anthropologist Melvin Konner.
Jewish folklore holds that intelligence was fostered not by occupation but by channeling the cleverest children to become rabbis. The rabbis were able to have more children, the folklore explanation holds, because they were sought as husbands for the daughters of wealthy families. "Talmudic academies served as systems of selection," writes Konner. "Whatever we think of what was studied, the process culled the best minds in every generation of Jews for more than a thousand years. Rising stars among these bright young men would board with successful merchants, and matches would be made between them and the merchants' daughters."
But the Cochran team gives short shrift to this explanation, saying there were not enough rabbis—only 1% of the population—to make a genetically significant difference. As further proof of their thesis, they cite the fact that the two other main branches of the Jewish community, Oriental Jews and Sephardim, lived mostly under Muslim rulers who often forced them into menial jobs, not the intellect-demanding ones imposed on Ashkenazim. Oriental Jews and Sephardim score similarly to northern Europeans with no elevation in IQ, as would be predicted under the Cochran team's thesis.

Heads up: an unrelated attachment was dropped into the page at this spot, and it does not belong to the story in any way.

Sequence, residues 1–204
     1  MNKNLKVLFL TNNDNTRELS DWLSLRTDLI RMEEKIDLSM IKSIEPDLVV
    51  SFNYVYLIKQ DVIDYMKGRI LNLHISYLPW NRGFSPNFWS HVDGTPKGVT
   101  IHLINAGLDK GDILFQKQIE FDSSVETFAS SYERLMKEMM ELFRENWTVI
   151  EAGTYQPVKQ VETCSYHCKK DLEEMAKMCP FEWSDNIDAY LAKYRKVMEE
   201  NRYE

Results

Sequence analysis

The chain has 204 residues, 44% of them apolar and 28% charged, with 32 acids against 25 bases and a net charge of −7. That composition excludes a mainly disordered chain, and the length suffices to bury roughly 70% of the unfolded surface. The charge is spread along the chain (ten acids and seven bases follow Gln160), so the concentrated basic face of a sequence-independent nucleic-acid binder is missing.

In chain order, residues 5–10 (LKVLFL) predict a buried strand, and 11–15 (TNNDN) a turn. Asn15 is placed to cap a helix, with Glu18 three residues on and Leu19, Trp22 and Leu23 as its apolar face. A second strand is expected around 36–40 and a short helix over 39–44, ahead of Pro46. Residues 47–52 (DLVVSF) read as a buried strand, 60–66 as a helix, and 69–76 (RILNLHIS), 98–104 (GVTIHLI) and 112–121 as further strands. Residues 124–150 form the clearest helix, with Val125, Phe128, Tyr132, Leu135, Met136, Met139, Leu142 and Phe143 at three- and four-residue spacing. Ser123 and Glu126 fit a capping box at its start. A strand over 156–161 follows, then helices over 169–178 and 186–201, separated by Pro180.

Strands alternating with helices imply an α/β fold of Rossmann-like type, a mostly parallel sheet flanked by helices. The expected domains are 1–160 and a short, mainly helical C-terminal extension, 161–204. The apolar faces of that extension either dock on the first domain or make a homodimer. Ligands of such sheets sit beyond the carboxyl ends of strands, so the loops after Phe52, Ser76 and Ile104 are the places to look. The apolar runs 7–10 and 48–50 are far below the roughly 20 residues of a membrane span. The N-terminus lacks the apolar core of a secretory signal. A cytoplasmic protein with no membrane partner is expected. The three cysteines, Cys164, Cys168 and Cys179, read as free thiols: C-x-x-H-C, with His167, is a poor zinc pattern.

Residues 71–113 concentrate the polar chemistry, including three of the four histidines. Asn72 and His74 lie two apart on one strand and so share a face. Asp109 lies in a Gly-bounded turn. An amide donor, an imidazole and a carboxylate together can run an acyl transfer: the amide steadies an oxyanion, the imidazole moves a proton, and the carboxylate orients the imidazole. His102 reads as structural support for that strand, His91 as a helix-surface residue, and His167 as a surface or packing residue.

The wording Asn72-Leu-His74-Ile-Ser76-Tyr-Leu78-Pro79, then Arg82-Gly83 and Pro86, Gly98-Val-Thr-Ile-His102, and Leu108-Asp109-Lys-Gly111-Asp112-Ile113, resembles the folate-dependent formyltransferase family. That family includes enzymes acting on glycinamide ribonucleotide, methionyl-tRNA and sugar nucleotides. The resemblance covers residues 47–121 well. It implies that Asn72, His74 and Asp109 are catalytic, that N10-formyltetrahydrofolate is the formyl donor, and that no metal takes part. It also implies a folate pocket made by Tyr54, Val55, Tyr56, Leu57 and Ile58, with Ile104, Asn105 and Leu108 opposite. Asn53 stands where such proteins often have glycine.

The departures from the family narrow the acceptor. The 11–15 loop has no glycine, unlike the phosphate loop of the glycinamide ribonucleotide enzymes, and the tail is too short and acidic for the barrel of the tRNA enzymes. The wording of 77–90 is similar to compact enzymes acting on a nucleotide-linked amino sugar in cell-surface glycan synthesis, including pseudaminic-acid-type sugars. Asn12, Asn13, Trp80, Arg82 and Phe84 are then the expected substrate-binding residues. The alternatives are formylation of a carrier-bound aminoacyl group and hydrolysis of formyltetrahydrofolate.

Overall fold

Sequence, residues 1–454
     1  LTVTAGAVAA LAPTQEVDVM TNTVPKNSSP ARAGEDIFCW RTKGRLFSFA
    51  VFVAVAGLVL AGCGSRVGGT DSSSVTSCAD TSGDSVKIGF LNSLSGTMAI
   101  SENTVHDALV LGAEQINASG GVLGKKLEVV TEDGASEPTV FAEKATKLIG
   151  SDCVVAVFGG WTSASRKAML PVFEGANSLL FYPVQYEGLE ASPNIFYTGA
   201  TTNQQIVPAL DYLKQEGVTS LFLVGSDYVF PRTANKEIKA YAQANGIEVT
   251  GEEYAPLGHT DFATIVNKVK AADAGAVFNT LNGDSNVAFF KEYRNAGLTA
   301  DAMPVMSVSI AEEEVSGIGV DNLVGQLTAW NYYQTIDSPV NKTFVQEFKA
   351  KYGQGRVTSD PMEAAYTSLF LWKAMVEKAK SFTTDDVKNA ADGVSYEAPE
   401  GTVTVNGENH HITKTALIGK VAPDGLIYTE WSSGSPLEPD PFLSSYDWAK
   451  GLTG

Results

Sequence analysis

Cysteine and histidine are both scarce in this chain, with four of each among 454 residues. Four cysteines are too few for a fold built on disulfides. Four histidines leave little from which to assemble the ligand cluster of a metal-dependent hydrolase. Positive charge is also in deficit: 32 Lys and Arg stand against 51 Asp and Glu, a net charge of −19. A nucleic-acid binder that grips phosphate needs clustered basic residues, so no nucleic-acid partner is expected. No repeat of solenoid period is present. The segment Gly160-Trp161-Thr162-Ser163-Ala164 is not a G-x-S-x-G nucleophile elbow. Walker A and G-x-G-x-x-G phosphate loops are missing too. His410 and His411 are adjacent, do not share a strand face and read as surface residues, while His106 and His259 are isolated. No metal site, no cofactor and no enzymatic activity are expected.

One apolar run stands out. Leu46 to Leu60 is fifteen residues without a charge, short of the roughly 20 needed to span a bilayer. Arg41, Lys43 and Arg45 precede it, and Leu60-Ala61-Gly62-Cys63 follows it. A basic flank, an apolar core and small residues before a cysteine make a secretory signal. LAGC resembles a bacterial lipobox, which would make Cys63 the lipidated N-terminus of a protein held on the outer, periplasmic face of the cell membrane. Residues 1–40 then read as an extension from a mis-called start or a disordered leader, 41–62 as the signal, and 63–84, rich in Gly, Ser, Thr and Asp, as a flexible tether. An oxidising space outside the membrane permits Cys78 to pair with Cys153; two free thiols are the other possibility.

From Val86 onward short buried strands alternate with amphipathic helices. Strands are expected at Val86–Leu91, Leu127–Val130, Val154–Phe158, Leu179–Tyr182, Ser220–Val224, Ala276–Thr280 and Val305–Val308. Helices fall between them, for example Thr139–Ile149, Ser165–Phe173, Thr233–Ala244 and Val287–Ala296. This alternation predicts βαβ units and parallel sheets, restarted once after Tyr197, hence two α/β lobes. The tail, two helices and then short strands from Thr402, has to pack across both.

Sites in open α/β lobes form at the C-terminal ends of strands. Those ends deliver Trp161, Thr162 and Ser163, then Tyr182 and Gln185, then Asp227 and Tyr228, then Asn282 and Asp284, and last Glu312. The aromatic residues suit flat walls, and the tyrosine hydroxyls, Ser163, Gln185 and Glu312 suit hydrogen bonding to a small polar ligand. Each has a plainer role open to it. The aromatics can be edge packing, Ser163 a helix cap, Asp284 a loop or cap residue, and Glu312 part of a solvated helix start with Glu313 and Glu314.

Among Ashkenazim, some 15% carry one of the sphingolipid or DNA repair mutations, and up to 60% carry one or other of all the disease mutations. (Most of these diseases are only harmful if a mutated gene is inherited from both parents, and some others are not fully "penetrant," a geneticist's term meaning a person can carry the mutation but doesn't necessarily have the disease.) In summary, the Cochran group has taken two well accepted phenomena—the odd pattern of Ashkenazic Mendelian diseases and the notable intellectual achievement of Ashkenazim—and has attempted to establish a link between them. The argument is necessarily extended, but is carefully developed at each stage. "It's certainly a thorough and well argued paper, not one that can easily be dismissed outright," said Steven Pinker, a cognitive scientist at Harvard. Though several aspects of the argument cross disputed academic territory—it assumes that intelligence is heritable and that IQ scores are a reliable measure of it—it has the virtue of making a clear and testable prediction: that people carrying one of the Ashkenazic mutations should do better than average on IQ tests. As of this writing, the test has not been conducted. Despite the existence of genetic diseases that can be called Jewish, in the broader context Jews are doubtless highly similar to other populations in the west Eurasian or Caucasian branch of the human family. Their genesis as a distinctive group resembles that of Icelanders. Just as Jews appear to be a mixture of Middle Easterners with various European or other Middle Eastern populations, Icelanders also are probably a mix of two Caucasian populations, Norwegians and Celts. Both Jews and Icelanders have practiced endogamy, the necessary step for keeping one's gene pool to oneself, Jews for religious reasons, Icelanders for geographic ones. Icelanders have been genetically separate for 1,000 years, but are still so similar to other Europeans that they can serve as a test bed for discovering European disease genes; Jews have been separate for just 2,000 years longer.
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